The Godzilla 28 Movie Challenge: Number 11 - Godzilla vs. Hedorah (1971)

Godzilla loses and eye and literally rips his opponent’s balls out in revenge! The death toll is higher than any other Godzilla film so far and we get animated cartoon segments – it can only be Godzilla Vs Hedorah (aka 'Godzilla Vs The Smog Monster')…


The first ‘proper’ Godzilla film after the high budget monster mash-up Destroy All Monsters; this was director Yoshimitsu Banno’s first feature film and was shot in little over a month on a tiny budget, special effects legend Eiji Tsuburaya had died the previous year and no Toho veteran actors make an appearance. Everything seems stacked against the 11th film in the series and this is certainly a flawed movie, but it also contains the most deadly of Kaiju foes yet!

This is the first Godzilla film to contain a strong political message since the original Gojira. Sure, there have since been hints at moralistic undertones with the likes of King Kong Vs. Godzilla having a dig at corporate greed, and Mothra is ultimately the guardian of mother nature, but this is the first time (since Godzilla himself) that a monster has been created as a direct result of mankind’s destructive tendencies. There are frequent references to pollution and dirty water, we get shots of chimneys and smoggy atmospheres, sometimes these are contrasted against nature to really heighten the effect. You are left in no doubt that Hedorah is a by-product of our own disrespect for our environment.


The film opens with dirty water, bubbling away and looking pretty uninviting – and a creature with red eyes peers out from the sludgy mess. It’s a quick introduction for Hedorah, the film wastes no time in showing us either the main foe, or the pollution responsible for it. This leads into a James Bond-esque style opening musical sequence intercut with scenes of pollution, including this morbid looking broken mannequin floating amongst the litter ridden waters.




In All Monsters Attack, the film existed outside of the alter-reality in which the rest of the Godzilla films are set – and although we see a young boy playing with Godzilla action figures in this film (there’s even a King Ghidorah in the background) that’s because Kaiju are now a part of life. As the films have progressed, Godzilla has become a heroic figure so it seems natural for young children to be excited by the idea of Godzilla and have Kaiju toys where they can recreate their own favourite battles.



Meanwhile, in Suruga Bay there’s something fishy going on, or rather something fishy *not* going on, and that’s the problem, the amount of fish being caught is getting worse every day, and now strange, giant tadpole-like creatures are being found. The TV news is showing footage of a giant sea creature destroying two ships, I suppose that giant sea-dwelling creatures aren’t such a strange phenomenon now though. As I already mentioned, Hedorah is quickly introduced in this film, within the first ten minutes we’ve seen it exist in several different forms. Hedorah is possibly the most interesting Kaiju of the lot so far. A monster who requires pollution to survive and can exist as smaller entities who join together to form a larger unit. The experiments where we see too tiny Hedorahs combine to become a slightly larger one is actually quite fascinating and shows how intricate a creature Hedorah is.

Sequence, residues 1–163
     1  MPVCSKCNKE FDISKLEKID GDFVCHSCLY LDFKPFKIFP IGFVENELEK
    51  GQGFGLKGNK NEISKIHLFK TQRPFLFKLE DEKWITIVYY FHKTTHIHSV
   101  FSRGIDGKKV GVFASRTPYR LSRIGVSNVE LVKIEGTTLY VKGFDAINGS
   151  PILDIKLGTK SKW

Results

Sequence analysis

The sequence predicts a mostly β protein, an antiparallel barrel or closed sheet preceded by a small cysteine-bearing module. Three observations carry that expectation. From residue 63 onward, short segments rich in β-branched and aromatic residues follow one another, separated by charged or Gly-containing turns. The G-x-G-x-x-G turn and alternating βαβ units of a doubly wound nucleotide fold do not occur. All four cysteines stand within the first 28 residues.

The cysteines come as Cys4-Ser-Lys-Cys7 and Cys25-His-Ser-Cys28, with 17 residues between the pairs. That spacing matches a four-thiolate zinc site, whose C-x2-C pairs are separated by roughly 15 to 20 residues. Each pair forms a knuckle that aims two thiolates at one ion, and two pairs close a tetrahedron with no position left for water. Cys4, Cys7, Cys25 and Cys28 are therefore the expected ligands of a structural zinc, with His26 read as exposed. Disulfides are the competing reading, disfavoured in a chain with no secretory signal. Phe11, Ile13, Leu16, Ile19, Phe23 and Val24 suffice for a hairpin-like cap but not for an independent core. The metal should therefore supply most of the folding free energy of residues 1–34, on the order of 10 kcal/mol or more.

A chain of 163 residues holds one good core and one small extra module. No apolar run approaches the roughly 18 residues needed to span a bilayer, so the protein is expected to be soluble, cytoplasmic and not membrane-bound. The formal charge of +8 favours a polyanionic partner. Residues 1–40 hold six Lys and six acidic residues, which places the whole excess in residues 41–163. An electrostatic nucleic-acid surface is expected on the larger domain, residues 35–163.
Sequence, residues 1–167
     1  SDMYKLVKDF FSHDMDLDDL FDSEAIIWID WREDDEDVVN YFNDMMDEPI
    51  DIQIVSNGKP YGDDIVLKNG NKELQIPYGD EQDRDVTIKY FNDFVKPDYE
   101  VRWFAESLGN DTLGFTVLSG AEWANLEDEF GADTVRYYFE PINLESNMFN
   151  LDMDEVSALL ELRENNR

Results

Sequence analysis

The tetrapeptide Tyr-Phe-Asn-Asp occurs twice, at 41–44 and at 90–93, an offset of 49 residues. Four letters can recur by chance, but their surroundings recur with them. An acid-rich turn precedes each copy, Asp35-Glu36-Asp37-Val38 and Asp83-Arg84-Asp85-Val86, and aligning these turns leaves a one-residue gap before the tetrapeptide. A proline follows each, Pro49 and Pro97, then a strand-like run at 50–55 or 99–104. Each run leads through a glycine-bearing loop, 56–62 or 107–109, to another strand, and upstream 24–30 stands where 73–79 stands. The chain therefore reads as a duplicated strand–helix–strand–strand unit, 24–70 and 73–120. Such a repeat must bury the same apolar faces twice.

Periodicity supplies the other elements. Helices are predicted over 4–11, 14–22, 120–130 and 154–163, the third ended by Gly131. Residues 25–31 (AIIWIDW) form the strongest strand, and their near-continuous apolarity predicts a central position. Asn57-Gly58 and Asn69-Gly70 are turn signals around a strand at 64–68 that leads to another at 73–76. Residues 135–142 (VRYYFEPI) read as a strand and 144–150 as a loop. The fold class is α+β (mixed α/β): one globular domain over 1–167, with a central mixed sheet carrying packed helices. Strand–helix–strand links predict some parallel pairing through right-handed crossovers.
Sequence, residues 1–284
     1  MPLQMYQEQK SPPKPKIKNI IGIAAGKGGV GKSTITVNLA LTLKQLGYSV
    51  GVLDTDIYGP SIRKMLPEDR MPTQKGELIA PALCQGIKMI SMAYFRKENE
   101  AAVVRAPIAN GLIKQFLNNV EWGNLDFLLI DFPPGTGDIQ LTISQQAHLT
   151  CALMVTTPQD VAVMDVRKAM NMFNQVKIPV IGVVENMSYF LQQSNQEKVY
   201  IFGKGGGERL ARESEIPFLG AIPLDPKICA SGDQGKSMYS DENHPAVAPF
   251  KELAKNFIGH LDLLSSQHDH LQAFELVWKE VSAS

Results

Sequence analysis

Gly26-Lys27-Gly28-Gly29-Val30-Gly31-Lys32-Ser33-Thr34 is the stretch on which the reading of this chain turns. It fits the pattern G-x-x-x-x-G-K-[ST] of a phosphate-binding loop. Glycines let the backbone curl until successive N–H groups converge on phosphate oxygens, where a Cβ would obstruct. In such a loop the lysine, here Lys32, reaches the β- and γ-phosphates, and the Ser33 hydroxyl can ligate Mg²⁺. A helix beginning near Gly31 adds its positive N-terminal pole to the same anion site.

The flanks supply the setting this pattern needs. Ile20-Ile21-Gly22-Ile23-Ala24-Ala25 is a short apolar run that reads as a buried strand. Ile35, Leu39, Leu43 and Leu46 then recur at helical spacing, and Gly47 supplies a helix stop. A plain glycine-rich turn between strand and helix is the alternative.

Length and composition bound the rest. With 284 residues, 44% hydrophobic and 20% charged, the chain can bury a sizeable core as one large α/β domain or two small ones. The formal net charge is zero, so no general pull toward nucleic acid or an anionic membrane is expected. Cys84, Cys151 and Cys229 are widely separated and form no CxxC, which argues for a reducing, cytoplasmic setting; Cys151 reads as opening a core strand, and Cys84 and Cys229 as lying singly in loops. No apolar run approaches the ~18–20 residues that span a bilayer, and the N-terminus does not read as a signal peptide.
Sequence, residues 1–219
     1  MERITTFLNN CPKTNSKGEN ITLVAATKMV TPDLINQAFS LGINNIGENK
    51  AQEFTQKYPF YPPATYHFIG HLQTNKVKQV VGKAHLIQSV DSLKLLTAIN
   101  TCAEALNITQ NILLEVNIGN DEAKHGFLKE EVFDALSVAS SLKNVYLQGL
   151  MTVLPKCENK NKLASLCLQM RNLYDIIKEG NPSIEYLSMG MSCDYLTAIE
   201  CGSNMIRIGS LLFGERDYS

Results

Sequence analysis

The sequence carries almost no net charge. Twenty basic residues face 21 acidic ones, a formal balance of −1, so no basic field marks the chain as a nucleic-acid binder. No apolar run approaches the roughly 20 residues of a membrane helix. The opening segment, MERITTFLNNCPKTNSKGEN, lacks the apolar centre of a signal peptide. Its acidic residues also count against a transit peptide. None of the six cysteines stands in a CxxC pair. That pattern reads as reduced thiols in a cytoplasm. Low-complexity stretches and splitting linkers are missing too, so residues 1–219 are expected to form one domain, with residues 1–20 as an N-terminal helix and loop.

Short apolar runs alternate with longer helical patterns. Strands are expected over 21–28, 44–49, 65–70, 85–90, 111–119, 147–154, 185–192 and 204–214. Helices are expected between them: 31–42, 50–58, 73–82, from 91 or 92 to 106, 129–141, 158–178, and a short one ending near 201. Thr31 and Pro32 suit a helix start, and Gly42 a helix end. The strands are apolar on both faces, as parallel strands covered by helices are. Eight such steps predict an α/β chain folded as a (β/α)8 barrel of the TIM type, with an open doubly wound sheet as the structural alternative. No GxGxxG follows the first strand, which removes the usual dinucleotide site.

We get some classic Godzilla pseudo-science – within seconds of looking at the micro-Hedorahs, it’s concluded that Hedorah could get bigger than Godzilla, there’s also a eureka moment for Dr. Yano who (based on supposition rather than evidence) realises that Hedorah originates from space, before going on to detail its biological features and nerve structure. The explanations for Hedorah’s corrosive and poisonous trail are more plausible however- it’s a result of the sulphuric acid which Hedorah releases as a waste product after chomping on all of that tasty pollution.

It’s not long before Godzilla arrives on the scene, there’s a fight but it’s clear early on that Hedorah is a formidable bad-ass. His body is soft and sludgy, so Godzilla’s punches have no effect, he is poisonous and shoots sludge projectiles, he’s the baddie that just refuses to die! Straightaway we know that Hedorah is no pushover. It strikes first, landing on Godzilla’s head and forcing him to the ground, this is a tough beast! The fight turns nasty as Godzilla is forced to push his hands through the body of Hedorah to escape before swinging it round and flinging it shot-put style, killing innocent men in the process who are killed by the slime smashing through their window.



Now, you’d expect there to be a lot of death in Kaiju-stomped areas of Japan, but it’s rarely mentioned. In this film however there are dead bodies and specific references to illness and the number of lives lost. This is a dark film and certain elements really help to push the idea that Hedorah really is a horrific best and that the world is under serious threat. We see burns, corpses and even skeletal remains.